Even after five piers, though, we needed to press on. We were still at least half an hour behind schedule, and we had an evening concert to give in Southwold. At least the journey wasn’t very far, and when we got to Southwold we had an early evening meal on the pier (which we’ll see again tomorrow - the pier, that is!), before heading up to the spectacular mediaeval St Edmund’s church where our concert was to be held. The concert itself was fine – a highly appreciative audience, and a setting that could scarcely be surpassed for beauty. Thankfully we took a good retiring collection for the charities too.

And so on to tomorrow. We’re expecting to play at Southwold (10.00), Felixstowe (12.00< Harwich (14.00), Walton-on-the-Naze (15.30) and Clacton (17.00) – but following today’s excitement, do check our Twitter feed before coming out to see us!

Weather report (in which we test out the range of conditions in which Jargar Strings operate well!): Today’s temperatures varied between 22.6 and 29.2 celsius, with humidity between 41.0% and 72.1%.

Quote of the day: “I’m struggling to get it in – as the actress said to the bishop…” One donor comments as she struggled to get her £5 note into our collecting bucket!

Pier of the day: Cromer

Finally, here's a video clip of us playing on Cleethorpes pier yesterday...

 

 

Pier Pressure Day 2: The Long Haul Begins

 Cellos need to relax too, sometimes!

Cellos need to relax too, sometimes!

And so we’re off again – the English and Welsh leg of the challenge began today! A lot of travelling again, to visit three very contrasting piers… more of which later.

Leaving Sheffield to head north for the second time this week, our first stop was Saltburn-by-Sea, in Cleveland – a place that none of us had visited before, and we were all very taken by it. A simple pier in some respects, it had a classic Victorian air to it, and the setting – under the local cliffs – was spectacular. We were surprised to be met there by Anne, an old friend of Clare’s who lives in North Yorkshire – not the last time we’d be met by friends today! Playing for about 20 minutes in the calm morning air, with just a handful of people around, was a great way to begin the day and the main part of the Pier Pressure challenge.

What a contrast the next place was, then. Cleethorpes – a drive of more than two hours away – was full of typical seaside tourist traps, and was packed by lunchtime, as you would hope a seaside town to be on a sunny summer Saturday; this was exacerbated by several thousand Sheffield United fans, there to watch a pre-season friendly with Grimsby Town. As two thirds of the Extreme Cellists are ardent Wednesday fans, this was something we could only mitigate by playing “Hi Ho Sheffield Wednesday” to them! Anyway, we were met in Cleethorpes by our Sheffield friends Meem, Max and Monty (and Meem’s sister Lynette), who directed us to a most delightful fish & chip shop for our daily dose, before going to play for 30 minutes on the pier – which had been voted this year’s “Pier of the Year” by the National Piers Society. This performance also included one of the more bizarre moments we’ve had, in which four people dressed as aliens came and danced in front of us for a few minutes while we played “Good Vibrations”! This was also probably our windiest pier so far, and so it's great to report that the Jolly Design stands we're using stood up very well to the task.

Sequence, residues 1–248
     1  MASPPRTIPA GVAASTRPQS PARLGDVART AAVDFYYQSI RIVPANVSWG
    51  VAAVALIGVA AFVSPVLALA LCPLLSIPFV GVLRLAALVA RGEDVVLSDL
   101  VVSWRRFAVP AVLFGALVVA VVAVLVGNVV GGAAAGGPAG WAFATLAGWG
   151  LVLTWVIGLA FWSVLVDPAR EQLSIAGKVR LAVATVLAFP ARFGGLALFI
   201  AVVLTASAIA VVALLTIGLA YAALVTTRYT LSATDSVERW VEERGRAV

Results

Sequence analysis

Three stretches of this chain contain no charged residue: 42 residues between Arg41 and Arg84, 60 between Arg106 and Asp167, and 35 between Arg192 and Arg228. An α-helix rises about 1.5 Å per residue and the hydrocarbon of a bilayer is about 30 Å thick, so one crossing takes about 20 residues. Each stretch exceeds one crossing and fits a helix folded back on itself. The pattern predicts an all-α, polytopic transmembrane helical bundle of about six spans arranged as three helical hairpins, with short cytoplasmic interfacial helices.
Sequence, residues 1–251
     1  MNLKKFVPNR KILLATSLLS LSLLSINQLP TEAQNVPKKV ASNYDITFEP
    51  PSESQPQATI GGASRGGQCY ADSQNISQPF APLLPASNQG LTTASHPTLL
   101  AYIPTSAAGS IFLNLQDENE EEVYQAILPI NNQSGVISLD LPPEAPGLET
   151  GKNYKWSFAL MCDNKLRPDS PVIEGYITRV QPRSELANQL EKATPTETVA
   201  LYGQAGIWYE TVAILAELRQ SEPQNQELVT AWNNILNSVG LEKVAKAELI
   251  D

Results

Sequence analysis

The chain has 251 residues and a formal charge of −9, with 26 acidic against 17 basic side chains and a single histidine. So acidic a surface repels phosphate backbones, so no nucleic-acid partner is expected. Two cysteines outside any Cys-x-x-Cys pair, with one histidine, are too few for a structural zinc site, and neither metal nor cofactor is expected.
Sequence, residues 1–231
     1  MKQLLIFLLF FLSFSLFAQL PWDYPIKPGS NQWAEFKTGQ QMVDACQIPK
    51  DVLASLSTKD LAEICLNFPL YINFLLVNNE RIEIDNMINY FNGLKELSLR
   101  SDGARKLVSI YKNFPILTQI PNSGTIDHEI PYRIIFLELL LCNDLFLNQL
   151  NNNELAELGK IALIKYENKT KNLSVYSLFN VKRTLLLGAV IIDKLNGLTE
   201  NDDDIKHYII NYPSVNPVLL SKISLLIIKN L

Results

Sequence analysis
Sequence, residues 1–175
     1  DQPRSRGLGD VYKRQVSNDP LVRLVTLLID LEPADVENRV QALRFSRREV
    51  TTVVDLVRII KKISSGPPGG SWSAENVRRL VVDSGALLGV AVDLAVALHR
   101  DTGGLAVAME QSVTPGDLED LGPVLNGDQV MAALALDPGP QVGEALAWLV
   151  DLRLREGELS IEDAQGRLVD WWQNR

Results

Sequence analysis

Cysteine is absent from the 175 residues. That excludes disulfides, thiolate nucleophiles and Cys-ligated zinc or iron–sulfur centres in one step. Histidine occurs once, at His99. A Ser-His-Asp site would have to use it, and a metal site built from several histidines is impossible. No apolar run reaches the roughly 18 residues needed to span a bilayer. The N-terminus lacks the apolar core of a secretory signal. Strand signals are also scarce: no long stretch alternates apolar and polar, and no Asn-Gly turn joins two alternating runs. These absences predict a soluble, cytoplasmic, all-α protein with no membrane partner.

Serenading the masses on Cleethorpes pier

Serenading the masses on Cleethorpes pier

Sadly there was no time to hang around, as we had to press on to Skegness – very much pier of two halves. The shore end is under cover, and full of arcades, bright lights and noise. The outer deck, though, resembled a typical Victorian pier, occupied mainly by deck chairs. It was a lovely setting above a large beach, being well-used on a warm sunny day. Clare’s old friends Kate and Shaun, and Kate’s sister Jane, were there to meet us, and supply us with ice creams as we played for about 40 minutes. We’ve now got a fair repertoire going for this tour – in addition to our usual pieces, we’re doing arrangements of “Tom Bowling”, “La Mer”, “Summer Holiday”, “Sea Fever”, the aforementioned “Good Vibrations” (as it’s by the Beach Boys), “Summertime”, “Under the Boardwalk”, and of course “I Do Like to Be Beside the Seaside”. They all got an outing here!

And so we’re now on our way to Norwich, where we’re staying with another old friend of Clare’s, Jo, before tackling East Anglia. Tomorrow we’re playing at Cromer (10.00); Britannia (12.00) and Wellington (13.00) piers in Great Yarmouth; and South (14.30) and Claremont (15.30) piers in Lowestoft: and then giving an evening concert at St Edmund’s church, Southwold at 19.30. I’m not sure whether we’ll do tomorrow’s blog before or after the concert, so it may appear a bit later than usual!

Weather report (see day 1): Today’s temperatures varied between 21.3 and 23.1 celsius, with humidity between 62.2% and 67.0%.

Quote of the day: “So, at this roundabout you go round to the right, and then come off to the left. Hold on, that’s what you do on all roundabouts…” – Jeremy showing all the intelligence needed to become a professor…